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jueves, septiembre 28, 2023
HomeSUVsAt $16,900, Will This 1986 Zimmer Quicksilver Take The Gold?

At $16,900, Will This 1986 Zimmer Quicksilver Take The Gold?

While Quicksilver is a name most commonly associated with Mercury, today’s Nice Price or No Dice Zimmer is actually based on a Pontiac—a Fiero to be exact. A Chevy motor makes it a family affair, but will its price tag lead to an easy new owner adoption?

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Last Friday’s Costco-sized 1978 Ford Country Squire generated some fond memories for a few of you and some new-found lust among a number more. A $9,500 asking price sealed the deal for enough of you to let the 10-seat wagon come out victorious in a 52 percent Nice Price win.

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As big and ostentatious as Friday’s Ford was, today’s contender goes a step further and puts style ahead of every other attribute. A combination of mid engine sleekness and Motorama chrominess means this 1986 Zimmer Quicksilver embodies a juxtaposition of attributes that can be seen as either jarring or brilliant.

Zimmer Motor Cars started out in the early 80s making neo-classic coupes, sedans and limousines, many based on Ford’s Fox-body Mustang mechanicals. The swan wing-fendered Golden Spirit was the first of those.

Following up on that Ford-based ode to ill proportioned retro-styling was not as you might expect the even more extravagant Golden Shower, but the 180-degree turn that was the Quicksilver. Based on the Pontiac Fiero, the Quicksilver clothed that car so completely that could have been serving in the witness protection program. The car was penned by Don Johnson (the GM designer, not Nash Bridges) and entered limited production in 1987. That production extended to a total of 170 cars, and of those reportedly only three were actually sprayed in silver.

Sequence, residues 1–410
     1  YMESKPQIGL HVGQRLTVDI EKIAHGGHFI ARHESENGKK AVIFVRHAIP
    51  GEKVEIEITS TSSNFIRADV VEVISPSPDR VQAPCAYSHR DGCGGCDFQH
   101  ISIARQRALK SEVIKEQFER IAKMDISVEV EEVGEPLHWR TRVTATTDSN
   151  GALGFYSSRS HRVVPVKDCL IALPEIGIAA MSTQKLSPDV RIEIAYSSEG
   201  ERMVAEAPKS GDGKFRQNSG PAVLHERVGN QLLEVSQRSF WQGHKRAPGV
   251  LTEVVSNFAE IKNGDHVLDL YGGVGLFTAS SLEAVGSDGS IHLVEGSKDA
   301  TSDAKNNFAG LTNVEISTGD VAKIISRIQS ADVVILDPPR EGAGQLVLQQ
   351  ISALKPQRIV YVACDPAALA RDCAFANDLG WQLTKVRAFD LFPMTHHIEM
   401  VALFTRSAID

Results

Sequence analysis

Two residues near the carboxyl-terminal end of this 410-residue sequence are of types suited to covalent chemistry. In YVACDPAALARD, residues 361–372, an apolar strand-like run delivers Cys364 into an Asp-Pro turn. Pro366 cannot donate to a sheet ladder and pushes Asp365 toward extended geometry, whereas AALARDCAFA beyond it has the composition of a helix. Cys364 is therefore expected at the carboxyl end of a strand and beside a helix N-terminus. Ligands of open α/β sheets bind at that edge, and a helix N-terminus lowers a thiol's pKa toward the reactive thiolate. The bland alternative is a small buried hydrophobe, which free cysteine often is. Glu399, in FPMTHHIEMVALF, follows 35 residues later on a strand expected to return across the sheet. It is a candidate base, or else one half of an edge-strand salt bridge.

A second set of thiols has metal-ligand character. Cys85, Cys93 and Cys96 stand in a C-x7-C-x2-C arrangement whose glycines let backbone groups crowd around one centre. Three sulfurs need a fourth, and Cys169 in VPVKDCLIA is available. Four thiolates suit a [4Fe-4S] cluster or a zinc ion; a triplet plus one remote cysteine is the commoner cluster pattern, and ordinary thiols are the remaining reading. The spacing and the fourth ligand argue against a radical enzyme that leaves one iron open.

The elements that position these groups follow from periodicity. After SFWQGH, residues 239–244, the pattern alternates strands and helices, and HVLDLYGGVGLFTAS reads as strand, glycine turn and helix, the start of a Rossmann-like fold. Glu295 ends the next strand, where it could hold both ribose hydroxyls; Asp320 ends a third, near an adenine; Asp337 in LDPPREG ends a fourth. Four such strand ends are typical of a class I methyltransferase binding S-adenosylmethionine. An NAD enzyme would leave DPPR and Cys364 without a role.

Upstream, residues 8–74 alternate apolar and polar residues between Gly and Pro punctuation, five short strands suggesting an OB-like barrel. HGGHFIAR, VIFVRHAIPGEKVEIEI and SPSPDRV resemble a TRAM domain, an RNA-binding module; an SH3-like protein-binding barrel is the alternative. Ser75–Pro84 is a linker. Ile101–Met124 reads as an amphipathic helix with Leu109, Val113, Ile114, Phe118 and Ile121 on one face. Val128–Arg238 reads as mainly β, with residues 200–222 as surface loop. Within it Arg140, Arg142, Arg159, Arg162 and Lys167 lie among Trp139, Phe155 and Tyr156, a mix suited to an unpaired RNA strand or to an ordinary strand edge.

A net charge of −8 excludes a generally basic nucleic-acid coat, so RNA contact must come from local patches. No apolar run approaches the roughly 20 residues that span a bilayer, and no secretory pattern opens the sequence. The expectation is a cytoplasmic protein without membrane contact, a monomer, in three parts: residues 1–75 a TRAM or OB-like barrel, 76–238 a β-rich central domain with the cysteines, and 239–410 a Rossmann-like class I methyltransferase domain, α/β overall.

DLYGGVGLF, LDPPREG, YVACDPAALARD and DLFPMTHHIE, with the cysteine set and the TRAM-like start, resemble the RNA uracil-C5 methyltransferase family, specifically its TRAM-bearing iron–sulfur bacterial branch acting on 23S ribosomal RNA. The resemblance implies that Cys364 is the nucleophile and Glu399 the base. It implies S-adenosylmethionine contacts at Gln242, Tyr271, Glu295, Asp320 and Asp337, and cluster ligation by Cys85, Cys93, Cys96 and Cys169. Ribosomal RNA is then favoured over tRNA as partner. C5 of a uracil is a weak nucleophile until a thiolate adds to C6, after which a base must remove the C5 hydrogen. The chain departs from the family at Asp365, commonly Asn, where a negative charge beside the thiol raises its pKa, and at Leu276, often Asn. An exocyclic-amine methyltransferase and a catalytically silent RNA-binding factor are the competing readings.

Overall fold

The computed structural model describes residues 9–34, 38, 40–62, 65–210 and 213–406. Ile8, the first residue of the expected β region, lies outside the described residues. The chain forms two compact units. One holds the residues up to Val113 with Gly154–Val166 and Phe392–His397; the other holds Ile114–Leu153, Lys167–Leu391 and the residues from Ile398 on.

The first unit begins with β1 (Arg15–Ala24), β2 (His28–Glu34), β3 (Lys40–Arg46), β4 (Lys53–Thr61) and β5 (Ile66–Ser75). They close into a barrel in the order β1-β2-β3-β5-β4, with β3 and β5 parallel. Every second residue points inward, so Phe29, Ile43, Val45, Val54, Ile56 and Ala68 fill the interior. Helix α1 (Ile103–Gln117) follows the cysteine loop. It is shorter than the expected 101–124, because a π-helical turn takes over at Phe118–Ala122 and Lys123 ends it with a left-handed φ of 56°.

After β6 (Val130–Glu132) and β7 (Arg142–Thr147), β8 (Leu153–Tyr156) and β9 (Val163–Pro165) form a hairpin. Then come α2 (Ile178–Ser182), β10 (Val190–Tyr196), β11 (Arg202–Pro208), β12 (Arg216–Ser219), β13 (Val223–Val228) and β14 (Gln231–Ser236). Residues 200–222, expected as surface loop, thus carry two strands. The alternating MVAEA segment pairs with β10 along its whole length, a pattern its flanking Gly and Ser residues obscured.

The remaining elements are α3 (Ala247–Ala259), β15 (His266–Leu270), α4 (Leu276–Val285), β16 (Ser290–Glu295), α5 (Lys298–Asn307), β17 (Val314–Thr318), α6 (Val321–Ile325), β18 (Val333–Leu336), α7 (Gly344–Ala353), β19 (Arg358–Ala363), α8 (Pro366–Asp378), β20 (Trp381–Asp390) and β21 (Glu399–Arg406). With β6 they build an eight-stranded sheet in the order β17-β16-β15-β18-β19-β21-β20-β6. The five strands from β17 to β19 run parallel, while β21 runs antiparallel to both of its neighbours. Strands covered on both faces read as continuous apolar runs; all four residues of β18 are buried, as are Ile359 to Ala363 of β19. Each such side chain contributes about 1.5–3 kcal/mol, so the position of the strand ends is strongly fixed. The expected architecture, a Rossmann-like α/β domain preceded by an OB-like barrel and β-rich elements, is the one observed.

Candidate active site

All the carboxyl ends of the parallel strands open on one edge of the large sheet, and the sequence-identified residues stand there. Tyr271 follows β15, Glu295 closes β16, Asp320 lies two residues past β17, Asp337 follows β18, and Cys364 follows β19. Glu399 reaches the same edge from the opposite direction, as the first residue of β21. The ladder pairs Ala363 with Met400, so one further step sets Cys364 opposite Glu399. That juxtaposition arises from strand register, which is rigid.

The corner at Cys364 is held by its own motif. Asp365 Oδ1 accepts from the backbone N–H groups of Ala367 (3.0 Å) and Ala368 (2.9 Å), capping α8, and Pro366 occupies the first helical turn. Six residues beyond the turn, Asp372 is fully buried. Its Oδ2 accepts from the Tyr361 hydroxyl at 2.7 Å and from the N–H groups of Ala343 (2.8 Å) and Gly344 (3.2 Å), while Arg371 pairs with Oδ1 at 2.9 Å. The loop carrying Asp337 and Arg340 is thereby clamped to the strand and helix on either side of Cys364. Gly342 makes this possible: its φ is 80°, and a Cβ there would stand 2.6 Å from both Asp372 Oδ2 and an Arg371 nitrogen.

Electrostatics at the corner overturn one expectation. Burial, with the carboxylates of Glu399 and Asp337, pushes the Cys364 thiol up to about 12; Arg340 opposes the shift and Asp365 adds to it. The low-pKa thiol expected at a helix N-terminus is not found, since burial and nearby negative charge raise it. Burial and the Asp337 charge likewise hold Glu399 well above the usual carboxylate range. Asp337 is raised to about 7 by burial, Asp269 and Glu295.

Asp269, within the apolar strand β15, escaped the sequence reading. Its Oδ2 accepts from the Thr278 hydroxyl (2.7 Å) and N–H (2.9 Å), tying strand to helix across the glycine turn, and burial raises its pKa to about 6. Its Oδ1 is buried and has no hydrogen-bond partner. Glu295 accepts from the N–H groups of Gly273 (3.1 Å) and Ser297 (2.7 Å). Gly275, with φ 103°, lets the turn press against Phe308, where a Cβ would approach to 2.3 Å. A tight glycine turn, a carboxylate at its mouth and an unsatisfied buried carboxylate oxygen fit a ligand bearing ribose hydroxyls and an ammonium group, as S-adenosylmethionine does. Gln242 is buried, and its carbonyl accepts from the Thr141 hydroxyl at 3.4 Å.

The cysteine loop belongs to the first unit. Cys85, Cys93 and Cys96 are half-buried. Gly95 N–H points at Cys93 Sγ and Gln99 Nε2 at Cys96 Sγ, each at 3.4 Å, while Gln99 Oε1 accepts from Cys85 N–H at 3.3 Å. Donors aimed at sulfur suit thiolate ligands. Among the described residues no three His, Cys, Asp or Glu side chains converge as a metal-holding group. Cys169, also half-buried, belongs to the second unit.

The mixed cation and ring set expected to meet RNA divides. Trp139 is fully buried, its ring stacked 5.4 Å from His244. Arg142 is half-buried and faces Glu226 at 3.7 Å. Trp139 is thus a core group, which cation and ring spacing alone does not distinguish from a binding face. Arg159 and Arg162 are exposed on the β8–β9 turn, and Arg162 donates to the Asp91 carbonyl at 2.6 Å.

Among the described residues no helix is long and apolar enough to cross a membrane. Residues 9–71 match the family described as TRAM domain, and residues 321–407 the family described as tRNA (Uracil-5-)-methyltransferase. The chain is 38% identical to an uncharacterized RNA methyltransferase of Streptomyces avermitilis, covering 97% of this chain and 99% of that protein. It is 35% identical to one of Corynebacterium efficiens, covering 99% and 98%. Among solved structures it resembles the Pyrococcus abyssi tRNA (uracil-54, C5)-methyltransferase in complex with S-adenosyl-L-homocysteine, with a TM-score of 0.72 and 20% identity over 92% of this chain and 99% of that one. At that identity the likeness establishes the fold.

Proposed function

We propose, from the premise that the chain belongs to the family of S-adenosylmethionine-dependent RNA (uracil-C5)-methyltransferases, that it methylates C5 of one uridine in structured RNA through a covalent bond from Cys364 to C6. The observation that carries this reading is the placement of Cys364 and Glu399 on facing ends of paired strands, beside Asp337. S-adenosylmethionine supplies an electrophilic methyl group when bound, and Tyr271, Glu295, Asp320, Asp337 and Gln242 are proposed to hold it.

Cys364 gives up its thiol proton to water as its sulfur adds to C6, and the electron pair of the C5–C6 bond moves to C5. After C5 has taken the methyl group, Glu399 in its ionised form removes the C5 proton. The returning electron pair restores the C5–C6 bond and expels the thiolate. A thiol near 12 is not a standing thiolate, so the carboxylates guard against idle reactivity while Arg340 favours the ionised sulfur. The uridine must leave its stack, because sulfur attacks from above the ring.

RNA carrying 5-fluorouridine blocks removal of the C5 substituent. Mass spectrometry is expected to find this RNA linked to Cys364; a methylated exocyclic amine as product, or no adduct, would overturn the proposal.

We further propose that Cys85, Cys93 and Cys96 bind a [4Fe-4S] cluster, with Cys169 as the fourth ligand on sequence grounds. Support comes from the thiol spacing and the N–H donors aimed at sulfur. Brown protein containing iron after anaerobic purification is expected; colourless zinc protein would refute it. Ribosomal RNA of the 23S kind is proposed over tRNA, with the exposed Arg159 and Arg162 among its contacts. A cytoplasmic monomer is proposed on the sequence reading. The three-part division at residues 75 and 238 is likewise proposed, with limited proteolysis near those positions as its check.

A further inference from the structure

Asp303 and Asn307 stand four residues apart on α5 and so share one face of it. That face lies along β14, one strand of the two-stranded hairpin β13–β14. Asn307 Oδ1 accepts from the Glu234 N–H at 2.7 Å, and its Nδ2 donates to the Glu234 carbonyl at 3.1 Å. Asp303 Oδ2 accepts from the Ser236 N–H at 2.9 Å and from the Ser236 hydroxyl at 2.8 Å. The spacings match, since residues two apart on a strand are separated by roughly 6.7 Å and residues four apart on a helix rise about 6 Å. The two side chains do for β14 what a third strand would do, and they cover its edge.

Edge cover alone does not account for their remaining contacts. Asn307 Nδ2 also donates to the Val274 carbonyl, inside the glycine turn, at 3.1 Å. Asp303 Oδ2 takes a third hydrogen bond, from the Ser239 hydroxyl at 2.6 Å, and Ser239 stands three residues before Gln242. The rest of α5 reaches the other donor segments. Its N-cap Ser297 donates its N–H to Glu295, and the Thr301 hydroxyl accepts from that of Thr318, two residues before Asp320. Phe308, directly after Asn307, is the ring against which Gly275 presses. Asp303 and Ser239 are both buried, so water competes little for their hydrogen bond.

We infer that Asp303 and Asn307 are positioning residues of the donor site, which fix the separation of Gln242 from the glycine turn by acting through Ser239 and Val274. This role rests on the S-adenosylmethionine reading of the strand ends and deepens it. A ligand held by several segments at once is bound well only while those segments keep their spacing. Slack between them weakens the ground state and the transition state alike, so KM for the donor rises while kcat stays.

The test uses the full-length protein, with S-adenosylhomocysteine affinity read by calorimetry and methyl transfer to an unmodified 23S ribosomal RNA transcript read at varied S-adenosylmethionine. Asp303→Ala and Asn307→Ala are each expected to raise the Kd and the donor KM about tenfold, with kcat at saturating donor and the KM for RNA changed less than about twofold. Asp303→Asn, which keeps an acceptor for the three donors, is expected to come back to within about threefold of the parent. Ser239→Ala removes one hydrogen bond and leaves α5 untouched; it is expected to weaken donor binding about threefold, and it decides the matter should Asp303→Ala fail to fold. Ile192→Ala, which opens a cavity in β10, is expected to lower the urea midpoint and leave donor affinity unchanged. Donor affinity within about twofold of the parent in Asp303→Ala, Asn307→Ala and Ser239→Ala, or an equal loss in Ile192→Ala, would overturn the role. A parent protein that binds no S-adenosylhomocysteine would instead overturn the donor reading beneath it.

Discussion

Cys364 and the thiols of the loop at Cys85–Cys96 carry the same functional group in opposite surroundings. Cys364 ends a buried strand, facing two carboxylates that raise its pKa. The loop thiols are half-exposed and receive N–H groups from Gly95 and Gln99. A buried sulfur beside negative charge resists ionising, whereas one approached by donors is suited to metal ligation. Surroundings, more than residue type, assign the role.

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With an odometer reading just 1,875 miles, this is red over chrome edition is probably one of the most criminally underused Quicksilvers on the market today. Based on the pictures in the ad, it certainly looks the part, and the seller describes the car’s condition as “excellent.” Of course, taste being subjective, calling any Zimmer excellent is like saying your cat has the puckeriest butthole. Some may find that laudable, while others will profess to be dog people.

As I noted, the Fiero underpinnings of the Quicksilver are so heavily disguised it’s almost impossible to recognize the donor unless you pop your head inside and catch a glimpse of the hip-to-be-square dash.

Image for article titled At $16,900, Will This 1986 Zimmer Quicksilver Take The Gold?

We don’t get to see any of that on this car, but what’s behind the cabin is of more interest anyway. There lies a 5.3-liter LS4 V8 late of some Chevy product. The seller claims this to be one of only four Quicksilvers so equipped, and the install is said to have been professionally performed. The transmission is an automatic, but the details are murky on just what slusher it is.

Aesthetically, the car looks to be in tip-top shape too. And it’s as Buck Roger-baroque as you could want. The Fiero, as you will recall was designed as a compact two-seat runabout with short overhangs. Zimmer rectified that awkward styling attribute with long overhangs capped in ’60s-style chrome bumpers at both ends and a bucktooth vertical bar grille at the front. This car’s chrome has so much shine to it you would be forgiven from muttering redrum under your breath whenever coming close to it.

Image for article titled At $16,900, Will This 1986 Zimmer Quicksilver Take The Gold?

There’s a lot to like here, especially for someone who marches to the beat of their own asynchronous drum. However, the question for such an individual is whether it’s worth $16,900 to let their freak flag fly.

What do you think, could this rare V8-imbued Quicksilver command that kind of cash? Or, does the weirdness outweigh the worth?

You decide!

Phoenix, Arizona, Craigslist, or go here if the ad disappears.

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H/T to Don R. for the hookup!

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